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patter of tiny feet

the sound of young children; having children in the household. I really liked having the patter of tiny feet in the house. Darling, I think we're going to be hearing the patter of tiny feet soon.
See also: feet, of, patter, tiny

the patter of tiny feet

something that you say which means that someone is going to have a baby I bet it won't be long till we hear the patter of tiny feet.
See also: feet, of, patter, tiny

patter of tiny feet

n. the sound of young children; having children in the household. Darling, I think we’re going to be hearing the patter of tiny feet soon.
See also: feet, of, patter, tiny
References in classic literature ?
Spirit,' said Scrooge, with an interest he had never felt before, `tell me if Tiny Tim will live.
Tiny Tim drank it last of all, but he didn't care twopence for it.
Then Eva saw how, on large, white leaves, the Fairies learned to imitate the lovely colors, and with tiny brushes to brighten the blush on the anemone's cheek, to deepen the blue of the violet's eye, and add new light to the golden cowslip.
Eva wondered within herself what good the tiny Elves could do in this great place; but she soon learned, for the Fairy band went among the poor and friendless, bringing pleasant dreams to the sick and old, sweet, tender thoughts of love and gentleness to the young, strength to the weak, and patient cheerfulness to the poor and lonely.
It was not her baby--not her flesh and blood--but how close, how dear the tiny, helpless thing had become to her.
Crossing the stream, Daylight followed a faint cattle trail over a low, rocky hill and through a wine-wooded forest of manzanita, and emerged upon another tiny valley, down which filtered another spring-fed, meadow-bordered streamlet.
His old woods' training was aroused, and he was keenly interested in everything in the moss on the trees and branches; in the bunches of mistletoe hanging in the oaks; in the nest of a wood-rat; in the water-cress growing in the sheltered eddies of the little stream; in the butterflies drifting through the rifted sunshine and shadow; in the blue jays that flashed in splashes of gorgeous color across the forest aisles; in the tiny birds, like wrens, that hopped among the bushes and imitated certain minor quail-calls; and in the crimson-crested woodpecker that ceased its knocking and cocked its head on one side to survey him.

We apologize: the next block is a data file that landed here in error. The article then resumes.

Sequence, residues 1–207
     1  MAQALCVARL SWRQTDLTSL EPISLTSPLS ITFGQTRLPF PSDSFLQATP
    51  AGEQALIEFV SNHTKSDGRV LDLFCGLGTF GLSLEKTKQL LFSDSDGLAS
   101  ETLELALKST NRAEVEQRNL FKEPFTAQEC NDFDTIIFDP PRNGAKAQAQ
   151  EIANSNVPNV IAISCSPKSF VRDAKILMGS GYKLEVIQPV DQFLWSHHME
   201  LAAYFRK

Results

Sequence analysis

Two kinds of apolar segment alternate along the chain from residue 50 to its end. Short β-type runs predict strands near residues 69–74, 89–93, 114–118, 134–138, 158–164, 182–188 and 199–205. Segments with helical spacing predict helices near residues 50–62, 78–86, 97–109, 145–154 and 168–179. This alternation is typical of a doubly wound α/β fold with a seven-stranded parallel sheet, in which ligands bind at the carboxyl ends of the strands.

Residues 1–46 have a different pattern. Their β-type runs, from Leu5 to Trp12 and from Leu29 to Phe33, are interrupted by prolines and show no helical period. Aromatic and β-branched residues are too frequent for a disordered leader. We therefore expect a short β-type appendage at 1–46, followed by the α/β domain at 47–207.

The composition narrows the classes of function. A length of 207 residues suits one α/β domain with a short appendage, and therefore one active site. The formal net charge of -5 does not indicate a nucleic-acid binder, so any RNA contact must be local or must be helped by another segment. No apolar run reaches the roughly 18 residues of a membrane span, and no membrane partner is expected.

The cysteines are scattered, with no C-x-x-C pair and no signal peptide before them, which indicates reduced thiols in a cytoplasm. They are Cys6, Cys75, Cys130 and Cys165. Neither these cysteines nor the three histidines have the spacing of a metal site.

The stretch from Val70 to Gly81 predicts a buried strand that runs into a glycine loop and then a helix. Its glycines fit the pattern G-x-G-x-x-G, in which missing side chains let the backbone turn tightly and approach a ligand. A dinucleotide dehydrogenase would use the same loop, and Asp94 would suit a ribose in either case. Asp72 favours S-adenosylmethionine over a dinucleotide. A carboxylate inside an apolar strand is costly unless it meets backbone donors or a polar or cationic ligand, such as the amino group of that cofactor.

And Cocky, only a few ounces in weight, less than half a pound, a tiny framework of fragile bone covered with a handful of feathers and incasing a heart that was as big in pluck as any heart on the Mary Turner, became almost immediately Michael's friend and comrade, as well as ruler.
She slept continuously, a tiny skeleton flung round with skin in which the flame flickered lower and lower and at last went out.
The Lion said, "Well, since so huge a beast is afraid of a tiny gnat, I will no more complain, nor wish myself dead.
Here is how Swift tells us of Gulliver's arrival in Lilliput, the country of the tiny folk.
It can easily be seen that I only thought I heard the tiny voice say the words
Through the windows, across a low couch indubitably made for use, could be seen a restful picture of autumn trees and yellow grasses, threaded by wellworn paths that ran here and there over the tiny estate.
Now, near the Palace where this Princess lived, there was a cottage in which there was a poor little tiny woman, who lived all alone by herself.
This house was let out in tiny tenements and was inhabited by working people of all kinds--tailors, locksmiths, cooks, Germans of sorts, girls picking up a living as best they could, petty clerks, etc.